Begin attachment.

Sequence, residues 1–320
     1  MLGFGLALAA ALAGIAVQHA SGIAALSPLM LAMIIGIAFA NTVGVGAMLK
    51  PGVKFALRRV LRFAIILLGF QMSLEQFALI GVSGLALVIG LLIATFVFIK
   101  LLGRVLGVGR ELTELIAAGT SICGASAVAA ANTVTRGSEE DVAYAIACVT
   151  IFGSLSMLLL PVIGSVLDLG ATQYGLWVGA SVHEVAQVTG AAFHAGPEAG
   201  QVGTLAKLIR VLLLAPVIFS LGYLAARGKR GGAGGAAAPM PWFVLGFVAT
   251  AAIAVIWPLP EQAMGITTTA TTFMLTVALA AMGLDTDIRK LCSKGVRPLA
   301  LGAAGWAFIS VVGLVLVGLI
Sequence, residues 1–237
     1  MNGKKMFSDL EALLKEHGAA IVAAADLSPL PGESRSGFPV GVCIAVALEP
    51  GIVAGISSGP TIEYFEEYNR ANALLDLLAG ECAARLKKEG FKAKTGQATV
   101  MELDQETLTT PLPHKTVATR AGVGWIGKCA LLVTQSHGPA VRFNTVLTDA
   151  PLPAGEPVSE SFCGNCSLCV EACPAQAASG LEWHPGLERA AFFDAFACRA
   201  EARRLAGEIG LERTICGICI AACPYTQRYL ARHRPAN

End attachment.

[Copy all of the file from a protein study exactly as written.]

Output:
Sequence, residues 1–320
     1  MLGFGLALAA ALAGIAVQHA SGIAALSPLM LAMIIGIAFA NTVGVGAMLK
    51  PGVKFALRRV LRFAIILLGF QMSLEQFALI GVSGLALVIG LLIATFVFIK
   101  LLGRVLGVGR ELTELIAAGT SICGASAVAA ANTVTRGSEE DVAYAIACVT
   151  IFGSLSMLLL PVIGSVLDLG ATQYGLWVGA SVHEVAQVTG AAFHAGPEAG
   201  QVGTLAKLIR VLLLAPVIFS LGYLAARGKR GGAGGAAAPM PWFVLGFVAT
   251  AAIAVIWPLP EQAMGITTTA TTFMLTVALA AMGLDTDIRK LCSKGVRPLA
   301  LGAAGWAFIS VVGLVLVGLI
Sequence, residues 1–237
     1  MNGKKMFSDL EALLKEHGAA IVAAADLSPL PGESRSGFPV GVCIAVALEP
    51  GIVAGISSGP TIEYFEEYNR ANALLDLLAG ECAARLKKEG FKAKTGQATV
   101  MELDQETLTT PLPHKTVATR AGVGWIGKCA LLVTQSHGPA VRFNTVLTDA
   151  PLPAGEPVSE SFCGNCSLCV EACPAQAASG LEWHPGLERA AFFDAFACRA
   201  EARRLAGEIG LERTICGICI AACPYTQRYL ARHRPAN